Democrats and Republicans from around the state came together last month to lobby for Space Command to be headquartered in Colorado. But with the list of finalists for hosting the newest military initiative now whittled down to the single digits, two of the state's congressmen are competing for the grand prize of hosting the command, which would create jobs and boost the economies of their districts.
"Re-establishing SPACECOM in Colorado Springs is the only serious option for providing the desired capability on the shortest, most cost-effective timeline," Congressman Doug Lamborn wrote in an op-ed in SpaceNews on April 23. Colorado Springs, part of Lamborn's district, includes three of the bases being considered for Space Command.
Lamborn is trying to beat out Congressman Jason Crow, who represents Aurora, home of Buckley Air Force Base, another finalist for Space Command.
"I, of course, think Buckley is the ideal place. We have the infrastructure, the deep pool of talented workers, the aerospace and space economy and private industry," Crow says, before boosting Aurora's high quality of life.
Not to be confused with the U.S. Space Force, the sci-fi-esque space military branch that President Donald Trump wants to create in the coming years, Space Command will combine multiple branches of the military to focus on space. It would be the eleventh combatant command, joining the U.S.'s other commands for certain regions, like Africa Command, or for certain strategic areas, like Transportation Command.
Colorado Springs hosted the original Space Command from its birth in 1985 until it dissolved in 2002, in the aftermath of 9/11. It was established to "control all satellites, shuttle flights and future space systems dedicated to military missions," according to the Chicago Tribune. The Reagan administration also envisioned Space Command as the control center for the so-called Star Wars missile defense system, which turned out to be a dud.
When it ended, parts of Space Command went to Strategic Command in Nebraska. Around the same time, the U.S. created Northern Command, which focuses on homeland security.
But times — and military priorities — have changed. The U.S. is pivoting from focusing on threats like ISIS and Al-Qaeda back to adversaries like Russia and China, and needs to start thinking about military capabilities in space, experts say. "Re-establishing U.S. Space Command will help the United States respond effectively to that challenge," wrote Frank A. Rose, a senior fellow for security and strategy in the foreign policy program at the Brookings Institution, in a January 7 op-ed.
The Air Force has narrowed down its list of possible sites for housing Space Command to six bases. Aside from Buckley and the three bases in Colorado Springs — Cheyenne Mountain Air Force Station, Peterson Air Force Base and Schriever Air Force Base — locations in California and Alabama are also on the list, according to CNN. Trump has already nominated John Raymond, an Air Force general who serves at Peterson, as the leader of the nation's newest combatant command, which will function much like its predecessor.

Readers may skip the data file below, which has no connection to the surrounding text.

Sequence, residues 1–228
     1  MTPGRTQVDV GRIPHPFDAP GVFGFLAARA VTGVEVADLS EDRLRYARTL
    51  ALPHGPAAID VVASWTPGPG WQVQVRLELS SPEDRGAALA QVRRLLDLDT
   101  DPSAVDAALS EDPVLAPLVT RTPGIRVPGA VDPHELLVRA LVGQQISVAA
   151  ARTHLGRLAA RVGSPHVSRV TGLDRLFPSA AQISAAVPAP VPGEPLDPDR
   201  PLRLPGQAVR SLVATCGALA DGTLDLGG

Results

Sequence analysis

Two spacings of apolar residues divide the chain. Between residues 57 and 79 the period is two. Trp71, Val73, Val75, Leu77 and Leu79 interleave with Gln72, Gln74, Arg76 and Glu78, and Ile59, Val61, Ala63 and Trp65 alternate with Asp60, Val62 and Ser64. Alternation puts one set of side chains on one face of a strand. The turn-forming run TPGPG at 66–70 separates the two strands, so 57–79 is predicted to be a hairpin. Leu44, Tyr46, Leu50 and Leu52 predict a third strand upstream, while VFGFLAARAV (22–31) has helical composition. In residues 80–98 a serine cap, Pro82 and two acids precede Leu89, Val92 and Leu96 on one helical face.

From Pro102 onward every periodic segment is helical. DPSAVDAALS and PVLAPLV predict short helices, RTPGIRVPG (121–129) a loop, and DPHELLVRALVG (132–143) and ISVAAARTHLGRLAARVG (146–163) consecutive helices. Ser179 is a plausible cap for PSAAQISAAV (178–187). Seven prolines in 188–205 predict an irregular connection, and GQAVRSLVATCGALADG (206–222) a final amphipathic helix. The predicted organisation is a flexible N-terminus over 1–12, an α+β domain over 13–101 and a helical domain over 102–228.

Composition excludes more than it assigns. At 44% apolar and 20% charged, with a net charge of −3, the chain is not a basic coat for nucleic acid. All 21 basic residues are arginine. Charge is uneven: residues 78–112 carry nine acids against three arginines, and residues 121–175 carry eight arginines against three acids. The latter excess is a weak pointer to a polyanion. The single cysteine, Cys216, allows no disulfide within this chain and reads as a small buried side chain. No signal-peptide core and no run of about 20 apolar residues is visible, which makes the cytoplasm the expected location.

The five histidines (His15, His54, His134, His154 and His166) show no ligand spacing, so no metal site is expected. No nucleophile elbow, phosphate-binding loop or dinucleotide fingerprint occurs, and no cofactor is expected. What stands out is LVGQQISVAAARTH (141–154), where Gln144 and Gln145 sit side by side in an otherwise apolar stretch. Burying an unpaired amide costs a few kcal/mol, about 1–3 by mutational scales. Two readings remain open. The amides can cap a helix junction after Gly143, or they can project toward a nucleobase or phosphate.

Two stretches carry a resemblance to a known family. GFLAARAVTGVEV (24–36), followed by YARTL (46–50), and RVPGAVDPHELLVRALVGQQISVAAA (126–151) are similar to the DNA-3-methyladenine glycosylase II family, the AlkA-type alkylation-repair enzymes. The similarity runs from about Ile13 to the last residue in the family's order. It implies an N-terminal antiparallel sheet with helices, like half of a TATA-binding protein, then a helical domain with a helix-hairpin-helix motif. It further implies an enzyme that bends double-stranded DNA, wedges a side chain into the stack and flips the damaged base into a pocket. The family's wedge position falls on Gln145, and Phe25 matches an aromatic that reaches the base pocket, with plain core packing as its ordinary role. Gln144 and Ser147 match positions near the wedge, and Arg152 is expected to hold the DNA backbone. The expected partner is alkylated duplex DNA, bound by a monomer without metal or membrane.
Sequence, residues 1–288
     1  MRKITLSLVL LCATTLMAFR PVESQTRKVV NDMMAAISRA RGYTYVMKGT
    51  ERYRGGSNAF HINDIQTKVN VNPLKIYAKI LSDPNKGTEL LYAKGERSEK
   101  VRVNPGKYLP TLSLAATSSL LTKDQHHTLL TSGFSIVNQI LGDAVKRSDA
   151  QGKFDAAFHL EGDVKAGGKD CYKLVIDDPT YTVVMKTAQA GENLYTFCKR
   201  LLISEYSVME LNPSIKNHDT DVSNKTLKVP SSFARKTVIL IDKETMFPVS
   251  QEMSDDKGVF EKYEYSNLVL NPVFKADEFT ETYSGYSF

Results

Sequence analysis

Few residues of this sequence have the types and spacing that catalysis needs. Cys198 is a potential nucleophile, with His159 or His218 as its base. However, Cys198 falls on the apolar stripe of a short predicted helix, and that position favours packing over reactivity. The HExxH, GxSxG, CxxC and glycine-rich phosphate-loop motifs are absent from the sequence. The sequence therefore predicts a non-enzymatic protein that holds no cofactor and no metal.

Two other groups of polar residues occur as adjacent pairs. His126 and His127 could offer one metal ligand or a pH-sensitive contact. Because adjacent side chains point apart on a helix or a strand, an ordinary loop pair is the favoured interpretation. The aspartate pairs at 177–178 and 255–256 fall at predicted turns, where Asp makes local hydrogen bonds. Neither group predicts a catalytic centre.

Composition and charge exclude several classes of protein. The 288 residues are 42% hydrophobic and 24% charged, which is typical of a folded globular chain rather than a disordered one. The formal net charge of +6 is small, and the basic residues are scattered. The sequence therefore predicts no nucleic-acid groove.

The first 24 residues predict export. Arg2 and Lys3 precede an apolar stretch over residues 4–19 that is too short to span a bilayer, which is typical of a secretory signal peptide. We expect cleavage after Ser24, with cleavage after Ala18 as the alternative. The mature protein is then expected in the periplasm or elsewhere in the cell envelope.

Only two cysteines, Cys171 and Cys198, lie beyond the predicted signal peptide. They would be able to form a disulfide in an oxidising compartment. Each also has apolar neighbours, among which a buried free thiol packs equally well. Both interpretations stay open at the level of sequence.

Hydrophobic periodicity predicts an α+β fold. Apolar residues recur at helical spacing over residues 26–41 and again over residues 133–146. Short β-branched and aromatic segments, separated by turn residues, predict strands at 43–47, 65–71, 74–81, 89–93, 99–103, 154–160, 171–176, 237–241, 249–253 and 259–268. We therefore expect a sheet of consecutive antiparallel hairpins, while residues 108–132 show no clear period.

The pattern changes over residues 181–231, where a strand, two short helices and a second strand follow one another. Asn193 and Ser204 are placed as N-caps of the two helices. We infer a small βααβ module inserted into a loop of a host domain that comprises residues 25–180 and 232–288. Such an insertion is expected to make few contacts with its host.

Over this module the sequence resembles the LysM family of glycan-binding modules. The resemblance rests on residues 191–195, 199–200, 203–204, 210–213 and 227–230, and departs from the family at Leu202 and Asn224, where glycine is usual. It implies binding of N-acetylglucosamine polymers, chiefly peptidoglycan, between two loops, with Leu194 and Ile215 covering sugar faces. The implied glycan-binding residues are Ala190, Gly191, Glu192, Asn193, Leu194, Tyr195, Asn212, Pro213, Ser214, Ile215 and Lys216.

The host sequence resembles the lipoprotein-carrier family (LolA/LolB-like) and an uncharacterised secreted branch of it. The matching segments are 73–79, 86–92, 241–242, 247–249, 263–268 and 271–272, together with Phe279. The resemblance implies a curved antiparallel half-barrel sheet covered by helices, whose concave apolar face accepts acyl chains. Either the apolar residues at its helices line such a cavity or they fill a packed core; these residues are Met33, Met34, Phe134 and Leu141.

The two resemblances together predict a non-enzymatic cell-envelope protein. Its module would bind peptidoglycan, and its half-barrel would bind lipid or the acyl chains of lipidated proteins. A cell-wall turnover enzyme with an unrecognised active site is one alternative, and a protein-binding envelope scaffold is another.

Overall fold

"[Space Command] will establish unified control over all our military space operations...integrate space capabilities across all branches of the military...[and] develop the space doctrine, tactics, techniques and procedures that will enable our warfighters to defend our nation in this new era," Vice President Mike Pence said in a December 2018 speech.
In his pitch to Heather Wilson, secretary of the Air Force, Crow wrote that Buckley already plays a prominent role in the aerospace defense world and houses thousands of intelligence personnel.
Crow also points to the fact that he sits on the House Armed Services Committee and is the only combat veteran in Colorado's congressional delegation.
"Having served, I understand the value of the military, what they do, how operations work. I understand the threats in a very personal way that our country faces in the 21st century and how to meet those threats," Crow says.
Lamborn is touting the work he's doing in his district to potentially house Space Command. The congressman says he has been meeting with Governor Jared Polis to expand Colorado State Highway 94, which links Schriever to central Colorado Springs.
"During my productive meeting with Governor Polis, he pledged to fully support the return of U.S. Space Command to Colorado fully and prioritized Highway 94 with the Colorado Department of Transportation. Finally widening and modernizing Highway 94 would be a tremendous improvement to our defense infrastructure. I commend the governor’s efforts and look forward to continuing to work with him on moving this initiative forward," Lamborn said in a statement on April 22.
If Space Command 2.0 does end up in Colorado, it would be a natural fit, say its local fans.
"The support in Colorado’s communities for national defense and intelligence space missions is second to none," a bipartisan Colorado delegation wrote in March. "Our state ranks first in the nation in its concentration of aerospace jobs, with 27,190 aerospace jobs in the private sector and 28,140 military personnel working directly on space. With a payroll of over $3.5 billion, Colorado also has the nation’s largest aerospace economy on a per capita basis."